Old Treasury Building
Architect: John James Clark, 1858-1862
City of Melbourne | C27
With origins in the Victorian gold rush of the 1850s, the Old Treasury Building occupies a unique position in Melbourne’s history. Regarded as one of Australia’s finest nineteenth-century buildings, its construction between 1858 and 1862 was symbolic of the city’s rapid development. Nineteen-year-old architect JJ Clark’s design is in the Renaissance Revival style, derived from the ‘Italian palazzo’ form. The three-storey rectangular building is elegantly proportioned, with three main entrances to the ground floor, all faced in Bacchus March sandstone. The recently restored terraces and lamps were constructed in 1867. The interior elegance is understated, with the old Executive Council room (aka Deakin Room) on the ground floor restored to the scheme believed to date from 1872. As a leading public building in Melbourne, located in a prominent position, the Old Treasury has been the focus for many celebrations and major public events. The arrivals and departures of the Governors of Victoria were occasions for expressions of loyalty to the Crown and sometimes for political statements. More recently it has been the location of the School Strike 4 Climate and AFL Grand Final Parade. The Old Treasury Building is now a museum with exhibitions that chart the growth of Melbourne.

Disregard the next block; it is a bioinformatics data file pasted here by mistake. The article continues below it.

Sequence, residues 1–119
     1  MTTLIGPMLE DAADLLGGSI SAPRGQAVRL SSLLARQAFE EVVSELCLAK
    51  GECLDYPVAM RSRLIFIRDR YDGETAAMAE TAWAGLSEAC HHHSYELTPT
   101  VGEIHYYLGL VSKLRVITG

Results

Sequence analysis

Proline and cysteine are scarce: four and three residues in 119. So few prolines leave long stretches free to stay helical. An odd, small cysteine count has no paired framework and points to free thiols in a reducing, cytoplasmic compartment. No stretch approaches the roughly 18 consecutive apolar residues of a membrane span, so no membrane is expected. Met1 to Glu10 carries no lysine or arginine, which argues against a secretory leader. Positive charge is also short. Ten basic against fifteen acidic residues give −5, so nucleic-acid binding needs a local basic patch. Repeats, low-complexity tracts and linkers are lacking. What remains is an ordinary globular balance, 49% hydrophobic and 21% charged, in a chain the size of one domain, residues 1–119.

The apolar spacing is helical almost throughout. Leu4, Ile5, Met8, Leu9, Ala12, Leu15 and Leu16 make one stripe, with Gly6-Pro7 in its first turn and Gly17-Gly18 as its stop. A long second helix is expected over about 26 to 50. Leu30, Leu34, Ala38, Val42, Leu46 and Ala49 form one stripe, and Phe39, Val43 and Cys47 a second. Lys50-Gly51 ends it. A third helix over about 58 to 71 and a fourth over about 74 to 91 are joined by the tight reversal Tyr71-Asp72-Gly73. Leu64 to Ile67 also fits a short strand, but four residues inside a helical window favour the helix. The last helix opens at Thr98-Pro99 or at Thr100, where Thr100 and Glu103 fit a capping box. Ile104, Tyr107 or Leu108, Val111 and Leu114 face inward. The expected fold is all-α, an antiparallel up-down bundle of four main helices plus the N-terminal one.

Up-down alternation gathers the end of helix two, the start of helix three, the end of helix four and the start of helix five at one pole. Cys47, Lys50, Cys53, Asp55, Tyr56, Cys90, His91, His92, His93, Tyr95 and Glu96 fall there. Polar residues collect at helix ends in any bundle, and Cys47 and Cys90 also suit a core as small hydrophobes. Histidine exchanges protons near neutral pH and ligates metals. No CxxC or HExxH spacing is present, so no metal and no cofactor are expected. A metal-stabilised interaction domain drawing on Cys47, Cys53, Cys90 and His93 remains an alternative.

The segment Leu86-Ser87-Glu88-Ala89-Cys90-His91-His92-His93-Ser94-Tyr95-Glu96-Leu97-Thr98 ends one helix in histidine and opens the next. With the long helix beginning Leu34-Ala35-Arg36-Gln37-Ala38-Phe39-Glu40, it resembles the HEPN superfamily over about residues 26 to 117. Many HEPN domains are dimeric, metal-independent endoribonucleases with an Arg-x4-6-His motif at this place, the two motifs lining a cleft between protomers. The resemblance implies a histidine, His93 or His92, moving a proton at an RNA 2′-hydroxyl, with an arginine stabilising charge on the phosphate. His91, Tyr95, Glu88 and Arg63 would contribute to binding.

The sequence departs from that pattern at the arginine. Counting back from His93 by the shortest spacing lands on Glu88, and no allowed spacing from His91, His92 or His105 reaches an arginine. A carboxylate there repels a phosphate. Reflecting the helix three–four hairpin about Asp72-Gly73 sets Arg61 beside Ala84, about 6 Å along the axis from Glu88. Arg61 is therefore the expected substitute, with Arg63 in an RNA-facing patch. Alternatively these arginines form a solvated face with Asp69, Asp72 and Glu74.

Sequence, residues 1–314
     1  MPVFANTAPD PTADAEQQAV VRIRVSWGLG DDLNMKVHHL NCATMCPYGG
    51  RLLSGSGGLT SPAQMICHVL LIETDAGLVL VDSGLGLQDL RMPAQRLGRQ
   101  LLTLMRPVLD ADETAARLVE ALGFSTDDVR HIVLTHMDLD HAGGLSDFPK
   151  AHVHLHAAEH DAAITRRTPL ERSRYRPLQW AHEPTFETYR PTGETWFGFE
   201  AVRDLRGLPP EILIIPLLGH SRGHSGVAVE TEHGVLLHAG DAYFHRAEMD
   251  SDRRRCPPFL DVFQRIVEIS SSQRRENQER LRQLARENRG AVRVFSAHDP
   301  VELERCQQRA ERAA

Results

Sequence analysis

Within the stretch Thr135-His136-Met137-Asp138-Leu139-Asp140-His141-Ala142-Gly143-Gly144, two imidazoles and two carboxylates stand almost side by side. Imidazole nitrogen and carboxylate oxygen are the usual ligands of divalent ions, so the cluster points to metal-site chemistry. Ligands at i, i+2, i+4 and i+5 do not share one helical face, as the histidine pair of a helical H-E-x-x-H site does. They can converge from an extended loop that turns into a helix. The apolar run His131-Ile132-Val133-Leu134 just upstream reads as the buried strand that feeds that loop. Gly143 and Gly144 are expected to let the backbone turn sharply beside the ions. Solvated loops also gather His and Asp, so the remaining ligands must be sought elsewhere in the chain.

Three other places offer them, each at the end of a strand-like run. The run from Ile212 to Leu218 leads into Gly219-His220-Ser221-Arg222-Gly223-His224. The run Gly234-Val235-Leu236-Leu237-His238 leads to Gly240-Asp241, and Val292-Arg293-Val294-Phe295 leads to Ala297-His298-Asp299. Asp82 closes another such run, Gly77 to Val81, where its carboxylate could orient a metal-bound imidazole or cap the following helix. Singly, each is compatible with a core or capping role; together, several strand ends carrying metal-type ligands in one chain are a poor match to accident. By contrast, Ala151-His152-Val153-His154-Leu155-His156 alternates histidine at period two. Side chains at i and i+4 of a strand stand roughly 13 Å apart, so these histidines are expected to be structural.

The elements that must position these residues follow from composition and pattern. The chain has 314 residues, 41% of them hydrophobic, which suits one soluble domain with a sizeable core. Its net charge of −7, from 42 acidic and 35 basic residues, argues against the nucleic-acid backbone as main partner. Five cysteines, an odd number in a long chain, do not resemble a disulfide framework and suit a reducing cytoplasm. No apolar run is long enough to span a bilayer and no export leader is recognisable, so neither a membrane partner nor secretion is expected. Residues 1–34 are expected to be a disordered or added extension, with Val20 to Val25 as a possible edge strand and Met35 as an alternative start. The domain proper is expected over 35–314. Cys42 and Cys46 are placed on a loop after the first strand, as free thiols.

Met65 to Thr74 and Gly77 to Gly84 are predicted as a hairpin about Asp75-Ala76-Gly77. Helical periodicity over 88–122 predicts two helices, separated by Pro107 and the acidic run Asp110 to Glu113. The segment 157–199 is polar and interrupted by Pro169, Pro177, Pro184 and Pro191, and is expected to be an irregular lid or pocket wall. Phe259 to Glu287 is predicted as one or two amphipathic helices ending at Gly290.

Visit the original basement gold vaults, used to store the colony of Victoria’s gold during the 1860s. Discover the growth of Melbourne through dramatic panoramic images of the city created between 1841 and 1900. A Kids’ Fun Trail will bring the museum to life, available at the main entrance.
20 Spring Street, Melbourne 3000, Melbourne VIC